Appeals Court Decision May Signal Significant Shift in Classification Rules
By a 2-1 majority, the Court of Appeals for the Federal Circuit ruled Oct. 16 that certain women’s garments are not classifiable under a specific heading of the Harmonized Tariff Schedule of the U.S. because they are not similar to the exemplars listed in that heading. However, the dissenting justice warned that this decision “will create unnecessary confusion in future classification cases and a high degree of unpredictability in the marketplace.”
The bra top and bodyshaper at issue were both designed to be a combination of two garments: a camisole, which is similar to a tank top in covering the body from the waist to above the bust, but generally with narrower shoulder straps and a lower neckline; and a brassiere. Both contain a shelf bra, an interior layer of fabric whose upper edge is attached to the camisole and whose lower edge is an elastic band not attached to the camisole that provides bust support, though to a lesser degree than many (though not all) brassieres. This combination is designed to allow wear in ordinary public settings without a layering garment on top or a separate brassiere underneath.
U.S. Customs and Border Protection classified the bra tops as knitted cotton tank tops and similar garments under HTSUS 6109.10.00 (16.5 percent duty) and classified the bodyshaper as a manmade fiber knit top under HTSUS 6114.30.10 (28.2 percent duty). The plaintiffs argued that their garments should be classified as brassieres and similar articles under HTSUS 6212.90.00 (6.6 percent duty) or, alternatively, under heading 6114. The CIT reclassified the bra tops as other cotton knit garments under HTSUS 6114.20.00 (10.8 percent duty), because they are a blend of 95 percent cotton and 5 percent spandex, and upheld CBP’s classification of the bodyshapers, which are a blend of nylon and spandex.
The CAFC states that its determination of whether the garments at issue are similar to those listed under HTSUS heading 6212 (i.e., brassieres, girdles, corsets, braces, suspenders and garters) requires it to evaluate what unifies those items, which may consist of both the presence of certain properties and the absence of others, and then determine whether the garments share those characteristics. The court bases this approach on the “lesson” of previous cases that an analysis of what is similar under a heading depends on what is listed in that particular heading and that the court’s task is language interpretation in context, not judicial imposition by doctrine.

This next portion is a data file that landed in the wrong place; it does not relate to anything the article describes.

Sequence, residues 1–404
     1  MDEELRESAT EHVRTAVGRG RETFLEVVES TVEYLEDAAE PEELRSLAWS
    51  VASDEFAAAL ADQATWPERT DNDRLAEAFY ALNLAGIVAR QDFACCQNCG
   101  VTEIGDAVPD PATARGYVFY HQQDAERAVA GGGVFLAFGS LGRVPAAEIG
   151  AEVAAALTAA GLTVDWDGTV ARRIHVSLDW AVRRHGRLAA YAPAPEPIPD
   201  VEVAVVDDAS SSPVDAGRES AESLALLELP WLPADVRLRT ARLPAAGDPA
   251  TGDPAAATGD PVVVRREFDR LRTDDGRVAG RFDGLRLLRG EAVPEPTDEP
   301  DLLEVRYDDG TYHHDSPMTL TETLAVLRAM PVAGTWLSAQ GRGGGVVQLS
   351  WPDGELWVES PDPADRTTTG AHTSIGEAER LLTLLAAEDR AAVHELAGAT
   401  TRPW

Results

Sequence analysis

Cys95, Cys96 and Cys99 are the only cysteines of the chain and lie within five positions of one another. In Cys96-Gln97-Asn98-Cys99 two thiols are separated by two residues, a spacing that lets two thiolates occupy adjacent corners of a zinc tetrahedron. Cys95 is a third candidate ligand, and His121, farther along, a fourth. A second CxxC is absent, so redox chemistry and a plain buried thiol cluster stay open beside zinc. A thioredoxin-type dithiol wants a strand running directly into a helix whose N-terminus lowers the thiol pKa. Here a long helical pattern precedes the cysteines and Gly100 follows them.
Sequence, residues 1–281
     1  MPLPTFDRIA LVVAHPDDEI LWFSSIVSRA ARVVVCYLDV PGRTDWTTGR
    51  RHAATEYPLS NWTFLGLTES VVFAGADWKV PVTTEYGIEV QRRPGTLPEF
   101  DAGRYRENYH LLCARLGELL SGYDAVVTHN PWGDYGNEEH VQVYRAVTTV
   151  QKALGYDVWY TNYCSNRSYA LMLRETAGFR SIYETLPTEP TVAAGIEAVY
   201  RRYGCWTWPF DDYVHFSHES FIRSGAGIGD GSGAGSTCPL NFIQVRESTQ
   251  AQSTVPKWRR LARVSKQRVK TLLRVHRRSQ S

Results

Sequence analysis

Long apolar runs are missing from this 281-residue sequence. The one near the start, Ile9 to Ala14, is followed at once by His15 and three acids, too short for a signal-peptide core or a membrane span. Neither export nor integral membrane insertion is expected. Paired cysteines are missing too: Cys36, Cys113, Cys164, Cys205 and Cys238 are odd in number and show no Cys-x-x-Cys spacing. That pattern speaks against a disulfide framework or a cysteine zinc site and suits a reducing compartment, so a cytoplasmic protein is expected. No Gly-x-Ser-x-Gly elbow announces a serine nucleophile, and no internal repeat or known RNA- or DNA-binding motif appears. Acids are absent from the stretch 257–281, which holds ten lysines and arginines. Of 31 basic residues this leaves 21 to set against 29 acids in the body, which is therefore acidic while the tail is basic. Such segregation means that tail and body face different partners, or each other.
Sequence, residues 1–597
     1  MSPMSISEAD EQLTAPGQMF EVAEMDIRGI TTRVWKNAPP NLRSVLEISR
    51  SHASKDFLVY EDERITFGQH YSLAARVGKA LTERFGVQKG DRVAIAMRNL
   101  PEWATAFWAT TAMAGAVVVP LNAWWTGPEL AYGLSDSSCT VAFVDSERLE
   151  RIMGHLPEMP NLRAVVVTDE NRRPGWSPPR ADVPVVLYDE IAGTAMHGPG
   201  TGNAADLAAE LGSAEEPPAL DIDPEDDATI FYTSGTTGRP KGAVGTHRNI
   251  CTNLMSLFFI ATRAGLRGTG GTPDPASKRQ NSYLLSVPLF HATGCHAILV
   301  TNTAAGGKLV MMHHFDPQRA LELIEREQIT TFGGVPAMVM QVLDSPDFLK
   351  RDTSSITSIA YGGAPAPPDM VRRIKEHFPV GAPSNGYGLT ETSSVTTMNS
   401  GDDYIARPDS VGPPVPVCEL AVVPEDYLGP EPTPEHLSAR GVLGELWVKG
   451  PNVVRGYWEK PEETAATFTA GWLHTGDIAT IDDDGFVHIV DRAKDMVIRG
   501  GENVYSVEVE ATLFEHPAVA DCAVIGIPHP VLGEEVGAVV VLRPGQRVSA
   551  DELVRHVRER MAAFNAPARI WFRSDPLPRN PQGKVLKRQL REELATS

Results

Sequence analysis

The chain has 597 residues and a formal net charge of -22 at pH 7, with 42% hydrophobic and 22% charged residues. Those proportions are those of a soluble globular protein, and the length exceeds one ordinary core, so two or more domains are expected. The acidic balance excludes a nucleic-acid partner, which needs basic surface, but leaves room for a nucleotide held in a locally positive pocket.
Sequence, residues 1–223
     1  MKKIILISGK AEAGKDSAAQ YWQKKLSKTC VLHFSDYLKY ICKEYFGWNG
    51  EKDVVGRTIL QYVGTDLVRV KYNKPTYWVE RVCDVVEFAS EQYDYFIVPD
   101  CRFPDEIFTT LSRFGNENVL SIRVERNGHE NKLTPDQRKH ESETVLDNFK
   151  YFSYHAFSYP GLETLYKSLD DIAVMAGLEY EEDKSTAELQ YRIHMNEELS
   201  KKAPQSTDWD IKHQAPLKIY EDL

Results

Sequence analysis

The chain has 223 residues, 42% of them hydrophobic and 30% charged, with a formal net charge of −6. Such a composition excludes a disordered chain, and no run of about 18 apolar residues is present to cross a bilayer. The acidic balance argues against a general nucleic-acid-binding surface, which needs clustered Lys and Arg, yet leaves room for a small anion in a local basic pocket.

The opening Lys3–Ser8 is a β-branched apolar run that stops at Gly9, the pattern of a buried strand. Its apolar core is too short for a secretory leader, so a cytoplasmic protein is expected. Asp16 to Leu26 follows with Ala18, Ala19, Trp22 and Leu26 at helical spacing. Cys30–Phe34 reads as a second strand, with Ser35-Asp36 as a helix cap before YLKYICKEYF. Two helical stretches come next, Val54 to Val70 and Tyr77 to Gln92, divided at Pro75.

The CAFC concludes that the unifying characteristic of the exemplars in heading 6212 is that their paramount function is support for the body or some other garment. The bra top and bodyshaper do not share this characteristic, the court asserts, because they are designed for coverage as well as support and neither function is the garment’s essential characteristic or purpose. The court cites its 1999 Avenues in Leather decision as holding that if even if an item contains certain features shared by those listed in a heading, the presence of other features in the item “as a whole” may negate similarity. In this case, the use of the term “similar articles” in heading 6212 indicates the need to compare the entire bra top or bodyshaper to the exemplars to determine if the garment as a whole, considering all of its features and functions, shares the unifying characteristic of support.
However, one of the three CAFC judges hearing the case dissented, stating that the majority’s reasoning represents a significant change in tariff classification rules. According to the dissent, the majority decision deviates from the General Rules of Interpretation included within the HTSUS “by rewriting the canon of statutory construction known as ejusdem generis.”In the tariff classification context, the dissent states, application of this principle means that an imported article falls within the scope of a general term or phrase if it possesses the same essential characteristics that unite the listed exemplars. In this case, the garments at issue share the same essential characteristic as the exemplars in heading 6212 (providing support) and are therefore classifiable as similar articles. The presence of an additional function, the dissent states, does not by itself prevent an imported article from being classified ejusdem generis unless it comprises an inconsistent specific primary purpose.
By allowing additional but not inconsistent features to trump similarity, the dissenting justice continues, the majority “implicitly revives” the so-called “more than” doctrine, which held than an imported article that shares features of a listed exemplar is not classifiable under that heading if the article contains additional “nonsubordinate or coequal” functions or characteristics. The CAFC itself has held that this doctrine has been supplanted by the HTSUS, the dissent states, and was explicitly overruled in the portion of Avenues in Leather cited by the majority. Moreover, by focusing its analysis on “paramount functions” instead of “essential characteristics,” the majority “is in effect rewriting the ejusdem generis principle” by rejecting the possibility that an article may have more than one essential characteristic. The dissent concludes that this analysis “invokes a ‘sounds right to me’ approach that is decidedly at odds with established rules of tariff classification interpretation established by law and followed by this court.”